March 13-15, 2016 • San Diego, CA


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Rhymes and Rhythms for Young Children

Studies have revealed the benefits of phonological awareness for hearing children hence the popularity of nursery rhymes in early childhood programs and curricula. Rhymes and rhythms increase young children’s executive functions and memory skills, contribute to vocabulary growth and language proficiency (Nash & Donaldson, 2005), boost natural language acquisition, and is strongly linked to reading achievement (Adams, 1990; Stanovich, 1992). Young deaf and hard of hearing learners can achieve a similar kind of access to rhymes and rhythms as hearing children do through visual means.

  • Participants will be able to list out the benefits of phonological awareness for children, and identify the barriers deaf and hard of hearing children experience at school and home.
  • Participants will be able to incorporate rhymes and rhythms into their lives as parents, teachers, or mentors while interacting with deaf and hard of hearing children.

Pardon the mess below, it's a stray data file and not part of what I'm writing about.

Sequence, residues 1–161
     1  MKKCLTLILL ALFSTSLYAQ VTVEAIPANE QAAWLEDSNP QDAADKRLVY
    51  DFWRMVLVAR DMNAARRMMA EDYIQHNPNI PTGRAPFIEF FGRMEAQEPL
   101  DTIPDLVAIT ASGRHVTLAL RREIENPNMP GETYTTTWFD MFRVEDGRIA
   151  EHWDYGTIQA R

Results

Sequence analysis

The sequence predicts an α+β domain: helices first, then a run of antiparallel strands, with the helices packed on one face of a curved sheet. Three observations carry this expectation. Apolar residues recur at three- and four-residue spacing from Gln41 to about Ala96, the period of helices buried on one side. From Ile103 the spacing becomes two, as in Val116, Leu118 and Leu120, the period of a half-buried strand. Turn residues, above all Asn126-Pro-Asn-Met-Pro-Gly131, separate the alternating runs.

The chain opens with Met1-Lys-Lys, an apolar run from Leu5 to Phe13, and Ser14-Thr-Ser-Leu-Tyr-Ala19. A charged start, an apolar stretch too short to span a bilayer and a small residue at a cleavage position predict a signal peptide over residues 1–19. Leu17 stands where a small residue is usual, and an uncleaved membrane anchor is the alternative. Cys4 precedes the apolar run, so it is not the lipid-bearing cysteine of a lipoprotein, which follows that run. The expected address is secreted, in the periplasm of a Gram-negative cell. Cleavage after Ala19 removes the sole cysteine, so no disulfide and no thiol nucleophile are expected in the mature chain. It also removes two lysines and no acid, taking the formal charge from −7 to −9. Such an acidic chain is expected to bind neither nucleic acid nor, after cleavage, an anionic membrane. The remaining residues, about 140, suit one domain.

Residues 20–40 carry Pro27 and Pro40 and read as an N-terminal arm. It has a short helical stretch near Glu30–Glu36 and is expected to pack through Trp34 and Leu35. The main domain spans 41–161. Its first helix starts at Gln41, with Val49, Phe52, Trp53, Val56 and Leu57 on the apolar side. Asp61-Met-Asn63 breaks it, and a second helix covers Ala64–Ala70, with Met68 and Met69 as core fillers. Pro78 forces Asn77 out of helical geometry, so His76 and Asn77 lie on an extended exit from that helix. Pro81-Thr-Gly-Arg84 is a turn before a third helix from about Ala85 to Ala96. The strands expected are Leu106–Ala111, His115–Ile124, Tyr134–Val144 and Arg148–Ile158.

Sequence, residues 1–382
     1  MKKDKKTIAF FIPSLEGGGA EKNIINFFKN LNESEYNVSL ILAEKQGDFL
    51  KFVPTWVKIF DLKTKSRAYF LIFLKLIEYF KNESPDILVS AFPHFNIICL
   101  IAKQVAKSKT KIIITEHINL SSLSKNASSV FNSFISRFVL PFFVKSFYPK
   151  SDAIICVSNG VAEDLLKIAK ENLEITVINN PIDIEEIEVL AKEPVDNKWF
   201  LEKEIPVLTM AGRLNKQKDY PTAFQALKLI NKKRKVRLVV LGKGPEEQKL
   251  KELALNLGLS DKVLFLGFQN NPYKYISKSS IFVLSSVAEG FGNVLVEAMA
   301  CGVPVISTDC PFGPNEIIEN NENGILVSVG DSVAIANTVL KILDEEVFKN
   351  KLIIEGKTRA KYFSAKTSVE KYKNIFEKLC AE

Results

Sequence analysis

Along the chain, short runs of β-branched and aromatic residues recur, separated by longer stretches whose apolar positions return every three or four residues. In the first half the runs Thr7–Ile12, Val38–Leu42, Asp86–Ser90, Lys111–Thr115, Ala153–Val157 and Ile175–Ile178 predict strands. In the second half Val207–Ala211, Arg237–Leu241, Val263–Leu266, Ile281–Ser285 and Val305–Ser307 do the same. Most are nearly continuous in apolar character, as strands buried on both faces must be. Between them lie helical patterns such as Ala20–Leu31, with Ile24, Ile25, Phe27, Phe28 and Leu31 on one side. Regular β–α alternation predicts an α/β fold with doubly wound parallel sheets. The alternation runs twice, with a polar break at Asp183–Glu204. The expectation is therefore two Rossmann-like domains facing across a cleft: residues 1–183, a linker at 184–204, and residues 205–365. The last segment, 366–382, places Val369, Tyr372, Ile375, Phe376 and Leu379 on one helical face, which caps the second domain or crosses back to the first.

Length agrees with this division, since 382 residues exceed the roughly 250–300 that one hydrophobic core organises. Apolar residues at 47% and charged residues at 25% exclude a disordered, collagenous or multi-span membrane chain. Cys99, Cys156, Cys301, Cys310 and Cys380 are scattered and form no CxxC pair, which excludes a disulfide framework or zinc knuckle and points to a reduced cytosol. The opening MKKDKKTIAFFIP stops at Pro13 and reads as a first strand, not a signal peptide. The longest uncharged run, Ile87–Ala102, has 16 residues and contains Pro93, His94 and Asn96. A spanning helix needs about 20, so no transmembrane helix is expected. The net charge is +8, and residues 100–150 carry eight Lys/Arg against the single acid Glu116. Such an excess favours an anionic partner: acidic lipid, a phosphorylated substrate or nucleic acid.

• Participants will know where to find valuable educational resources designed for deaf and hard of hearing children, and know how to utilize them in the classroom or at home.

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Handout is not Available

CART transcripts are NOT YET available, but will be posted shortly after the conference


Leala Holcomb (Primary Presenter), University of Tennessee, Knoxville, lholcom5@vols.utk.edu;
Leala used to be a preschool and family education teacher working with young Deaf and Hard of Hearing children and their families. Leala created a new enterprise called Hands Land with two other colleagues focusing on developing educational resources through rhymes and rhythms. Leala is currently a first year Ph.D. student at the University of Tennessee conducting research on the benefits of rhymes and rhythms for young Deaf and Hard of Hearing children. Leala also provides professional consultations to schools inside and outside the United States.


Financial - No relevant financial relationship exist.

Nonfinancial - Has a Professional (Cooperating a project to create educational resources for young children) relationship for Volunteer employment.